Abstract 6005: Six Month Clinical Outcome Following the Use of Everolimus-eluting Stents for ST-segment Elevation Myocardial Infarction: Insights from the Xience V Stent Evaluated At Rotterdam Cardiology Hospital (X-SEARCH) Registry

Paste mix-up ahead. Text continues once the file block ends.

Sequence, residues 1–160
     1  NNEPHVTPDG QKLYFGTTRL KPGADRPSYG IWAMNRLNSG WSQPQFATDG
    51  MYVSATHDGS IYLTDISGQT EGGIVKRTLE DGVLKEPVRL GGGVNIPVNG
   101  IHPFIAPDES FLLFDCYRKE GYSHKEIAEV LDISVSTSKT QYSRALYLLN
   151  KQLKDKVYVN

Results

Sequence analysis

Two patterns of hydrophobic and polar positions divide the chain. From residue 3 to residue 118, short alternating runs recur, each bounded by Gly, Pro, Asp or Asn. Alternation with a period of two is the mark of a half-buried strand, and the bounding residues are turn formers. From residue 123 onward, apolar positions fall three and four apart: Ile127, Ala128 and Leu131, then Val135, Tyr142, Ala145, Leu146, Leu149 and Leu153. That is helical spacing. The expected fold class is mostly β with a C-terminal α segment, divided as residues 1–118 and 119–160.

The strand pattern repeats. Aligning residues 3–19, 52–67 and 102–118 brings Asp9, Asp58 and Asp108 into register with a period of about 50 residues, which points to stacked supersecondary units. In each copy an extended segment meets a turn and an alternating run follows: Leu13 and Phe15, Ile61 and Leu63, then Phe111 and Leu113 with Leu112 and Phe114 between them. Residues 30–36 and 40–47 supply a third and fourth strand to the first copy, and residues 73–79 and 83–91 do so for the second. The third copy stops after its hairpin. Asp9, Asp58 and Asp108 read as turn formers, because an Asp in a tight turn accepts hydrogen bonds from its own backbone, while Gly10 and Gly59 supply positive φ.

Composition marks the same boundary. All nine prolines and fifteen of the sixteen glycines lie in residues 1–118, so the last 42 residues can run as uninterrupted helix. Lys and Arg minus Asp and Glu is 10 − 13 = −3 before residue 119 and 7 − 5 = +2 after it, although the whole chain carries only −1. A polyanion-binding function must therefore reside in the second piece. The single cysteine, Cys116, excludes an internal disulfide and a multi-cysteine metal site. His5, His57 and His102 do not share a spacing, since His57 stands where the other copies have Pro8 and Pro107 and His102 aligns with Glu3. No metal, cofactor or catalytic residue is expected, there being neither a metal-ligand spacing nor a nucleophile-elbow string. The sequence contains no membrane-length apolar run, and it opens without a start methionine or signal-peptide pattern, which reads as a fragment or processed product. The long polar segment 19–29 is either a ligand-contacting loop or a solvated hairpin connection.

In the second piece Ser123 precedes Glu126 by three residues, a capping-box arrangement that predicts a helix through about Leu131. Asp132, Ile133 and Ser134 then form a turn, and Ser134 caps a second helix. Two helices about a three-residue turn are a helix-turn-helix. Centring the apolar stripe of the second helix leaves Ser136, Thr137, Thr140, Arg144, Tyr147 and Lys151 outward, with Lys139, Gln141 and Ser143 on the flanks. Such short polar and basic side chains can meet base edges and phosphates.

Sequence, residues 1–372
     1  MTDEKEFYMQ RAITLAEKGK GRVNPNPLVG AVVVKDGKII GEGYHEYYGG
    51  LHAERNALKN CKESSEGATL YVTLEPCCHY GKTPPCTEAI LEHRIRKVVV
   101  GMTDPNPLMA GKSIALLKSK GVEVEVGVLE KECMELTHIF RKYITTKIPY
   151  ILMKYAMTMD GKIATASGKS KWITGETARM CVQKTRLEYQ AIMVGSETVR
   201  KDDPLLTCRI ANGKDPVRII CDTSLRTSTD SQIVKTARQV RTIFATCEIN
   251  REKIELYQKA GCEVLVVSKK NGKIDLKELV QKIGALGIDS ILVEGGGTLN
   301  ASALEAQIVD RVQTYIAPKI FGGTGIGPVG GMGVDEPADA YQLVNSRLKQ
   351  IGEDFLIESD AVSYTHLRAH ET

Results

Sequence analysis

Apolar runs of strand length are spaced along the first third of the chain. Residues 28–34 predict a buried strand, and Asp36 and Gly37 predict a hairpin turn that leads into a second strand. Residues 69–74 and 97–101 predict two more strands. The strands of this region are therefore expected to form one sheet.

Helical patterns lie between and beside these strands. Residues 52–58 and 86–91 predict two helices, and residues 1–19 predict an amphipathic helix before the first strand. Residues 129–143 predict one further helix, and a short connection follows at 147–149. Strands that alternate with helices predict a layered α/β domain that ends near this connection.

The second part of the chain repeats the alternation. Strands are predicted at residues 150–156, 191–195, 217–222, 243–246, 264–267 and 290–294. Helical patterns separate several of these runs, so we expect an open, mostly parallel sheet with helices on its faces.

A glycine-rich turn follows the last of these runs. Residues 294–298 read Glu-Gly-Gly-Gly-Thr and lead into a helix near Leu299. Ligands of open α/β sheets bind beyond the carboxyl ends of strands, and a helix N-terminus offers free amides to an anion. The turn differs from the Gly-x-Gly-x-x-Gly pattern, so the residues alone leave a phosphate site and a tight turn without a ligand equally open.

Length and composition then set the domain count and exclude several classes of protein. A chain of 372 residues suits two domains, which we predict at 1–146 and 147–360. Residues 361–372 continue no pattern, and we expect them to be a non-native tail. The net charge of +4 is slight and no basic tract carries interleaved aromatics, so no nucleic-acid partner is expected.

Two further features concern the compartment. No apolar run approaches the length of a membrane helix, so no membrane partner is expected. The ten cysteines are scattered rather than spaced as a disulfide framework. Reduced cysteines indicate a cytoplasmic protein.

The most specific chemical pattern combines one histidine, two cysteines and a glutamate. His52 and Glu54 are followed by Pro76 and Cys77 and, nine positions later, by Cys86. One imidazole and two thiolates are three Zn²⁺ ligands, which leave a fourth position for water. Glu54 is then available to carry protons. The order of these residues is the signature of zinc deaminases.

The risks and benefits of drug-eluting stents (DES) in patients with ST-elevation myocardial infarction (STEMI) have recently been under scrutiny, especially since these patients were excluded from the landmark randomised trials. We sought to evaluate the short-term clinical outcomes in patients with STEMI treated with a second generation DES in a real-life all-comer population. Since March 1st 2007, our institution commenced the use of everolimus-eluting stent (EES) as the default strategy for every percutaneous coronary intervention. Between 1st March and 31st October 2007, 255 consecutive patients presenting with de novo STEMI were treated with EES, including those suffering from cardiogenic shock. This group was compared to 3 historical cohorts of consecutive patients; 543 patients treated with bare metal stents (BMS), 188 with sirolimus-eluting stents (SES) and 1022 with paclitaxel-eluting stents (PES). Six-month follow-up on the occurrence of all-cause death, any myocardial infarction (MI), repeat revascularization and stent thrombosis are currently being collected and will be presented at the time of the meeting. Survival information will be obtained from municipal civil registries. Logistic regression analysis and propensity score-adjustment will be used to calculate predictors of adverse events by compensating for potential confounders in the baseline and procedural characteristics. The patients became progressively significantly older (mean age 58 vs. 59 vs. 60 vs. 62 years for BMS, SES, PES and EES) with increasing total stent length (26 vs. 35 vs. 35 vs. 51mm). The clinical results after 1 month are shown in the table⇓. Within the 1st month, there are no significant differences in mortality between BMS, SES, PES and EES when used in unselected patients with STEMI. Data on 6-month mortality and clinical events are currently being collected and will be presented at the time of the meeting.